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Library Understanding the role of youth in Indigenous territorial governance

Understanding the role of youth in Indigenous territorial governance

Understanding the role of youth in Indigenous territorial governance

Resource information

Date of publication
августа 2023
Resource Language

Indigenous territories cover more than one-fourth of the world’s land surface, overlap with distinct ecological areas, and harbour significant cultural and biological diversity; their stewardship provides critical contributions to livelihood, food security, conservation, and climate action. How these territories are accessed, used, and managed is an important question for owner communities, state governments, development agencies, and researchers alike. This extends to how broad community memberships remain invested in territorial use and management, with young people comprising one sub-group often underrepresented in decision-making spaces. We know that internal community norms and structures–often dominated by older, adult males–can limit opportunities for youth to contribute their energy and ideas. We also know that youth can and do leave their home communities to pursue life, work, or education goals and aspirations. Drawing on insights from 5 years of collaborative research with the Indigenous Territory of Lomerío (ITL), Bolivia, we explore the roles that youth play in territorial governance, their perceptions of current structures and novel engagement strategies, and consider what lessons from this case could be applied more broadly. Our findings point to the ITL as an instructive example of how Indigenous (and other rural and remote) communities might enable young people to participate more fully in territorial governance, highlighting the importance of an enabling, underlying socio-cultural context. Based on our work in Bolivia, and lessons from other places, we discuss ways to enhance youth-community-territory linkages to support Indigenous land sovereignty and stewardship and reflect on how research co-design and knowledge co-production can help deliver more robust, inclusive, and useful (in an applied sense) empirical insights in support of such efforts.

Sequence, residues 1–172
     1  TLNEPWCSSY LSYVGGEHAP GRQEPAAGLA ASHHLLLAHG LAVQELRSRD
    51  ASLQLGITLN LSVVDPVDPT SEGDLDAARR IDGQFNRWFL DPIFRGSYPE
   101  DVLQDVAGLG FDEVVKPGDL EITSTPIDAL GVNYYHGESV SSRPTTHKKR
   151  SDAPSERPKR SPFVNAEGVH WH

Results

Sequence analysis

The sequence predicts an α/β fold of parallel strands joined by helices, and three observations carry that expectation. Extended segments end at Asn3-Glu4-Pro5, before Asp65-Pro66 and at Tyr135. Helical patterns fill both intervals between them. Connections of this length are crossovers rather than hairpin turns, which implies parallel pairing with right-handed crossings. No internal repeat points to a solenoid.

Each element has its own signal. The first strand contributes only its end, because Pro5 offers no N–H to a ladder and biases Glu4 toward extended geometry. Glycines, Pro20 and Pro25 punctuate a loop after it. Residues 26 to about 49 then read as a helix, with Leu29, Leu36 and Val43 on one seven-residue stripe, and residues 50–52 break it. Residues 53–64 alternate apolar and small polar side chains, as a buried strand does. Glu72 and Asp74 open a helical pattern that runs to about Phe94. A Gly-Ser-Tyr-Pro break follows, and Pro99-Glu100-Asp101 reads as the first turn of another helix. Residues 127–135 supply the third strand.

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Authors and Publishers

Author(s), editor(s), contributor(s)

Maria Paula Sarigumba,

Marlene Soriano,

James P. Robson,

Ignacio Quiviquivi,

Olga Lidia Cabrera

Geographical focus